By Vanessa Papas: As a child, Lee Brammall had a recurring dream. While playing alone outside she would find a baby abandoned at the bottom of the garden and secretly look after her. Who would have known that one day Lee’s dream would become a reality of an actual adoption.
When Lee heard Child Welfare were looking for foster (places of safety – not foster) for some of the children abandoned at birth or removed from their family home due to gross neglect or insufficient care, she decided she had room in her home, and her heart, for another child. After a meeting with Child Welfare social workers came to inspect her home. When Lee had heard no feedback two months later she was worried she’d ‘failed’ the inspection.
Then one day out of the blue she received a call about a baby who had been dropped off at a police station when she was about two months old by a woman in her late teens. The infant had been hospitalised because of kwashiorkor – a form of severe malnutrition – and bronchial pneumonia. Lee says she ‘fully expected’ the baby she was going to meet would have Aids but the test results had come back negative.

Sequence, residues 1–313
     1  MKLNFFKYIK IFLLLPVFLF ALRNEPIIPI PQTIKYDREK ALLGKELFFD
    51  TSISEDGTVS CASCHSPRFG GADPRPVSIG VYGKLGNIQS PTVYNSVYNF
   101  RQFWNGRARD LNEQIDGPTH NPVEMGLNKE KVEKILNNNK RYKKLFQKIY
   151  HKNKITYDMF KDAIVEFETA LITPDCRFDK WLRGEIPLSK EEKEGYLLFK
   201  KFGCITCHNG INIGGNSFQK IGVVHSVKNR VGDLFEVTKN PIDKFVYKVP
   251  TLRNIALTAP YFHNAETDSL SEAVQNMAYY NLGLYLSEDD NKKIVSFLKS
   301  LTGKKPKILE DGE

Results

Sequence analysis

“When I saw her for the first time I was overcome with emotion,” says Lee. “She was wearing a very dirty baby-grow and was thin and small – she looked more like a newborn than a four-month-old. When they put her in my arms, she smiled at me and I said, ‘you’re going nowhere, you’re mine’. I couldn’t take her straight away. A week later I had to go to court. That same day I took her home. Other people have had a much harder time going through the foster and adoption process but that wasn’t the case with me. There was no red tape.” Because Maggie’s birth date was unknown, I had to choose her birthday, which was quite a difficult one! I had been given a four-week time-frame to choose from and ironically my mom’s birthday was slap bang in the middle. My mom died when I was 10 so I thought it would be nice if they shared the same birthday. My mom would have loved her. We named her Maggie.”
The adoption only finally took place last year. Lee had to go through a private social worker paying R13 000 because Child Welfare kept losing the files. “We were with Child Welfare from the beginning until two years ago and eventually decided it would be best just to go privately and that took about nine months. We now have to wait for her change of name to occur. It can be months and then have to get an unabridged birth certificate, which could also take months. So we’re probably looking at another two years before Maggie can even get a passport.”
Today Maggie is a giggly and care-free child who oozes confidence, makes friends easily, and loves dancing, singing and dressing up. Lee says she can’t say for certain if the baby she had always dreamt about as a child was a presentiment of the future but life works in mysterious ways…and her little family could today not be happier.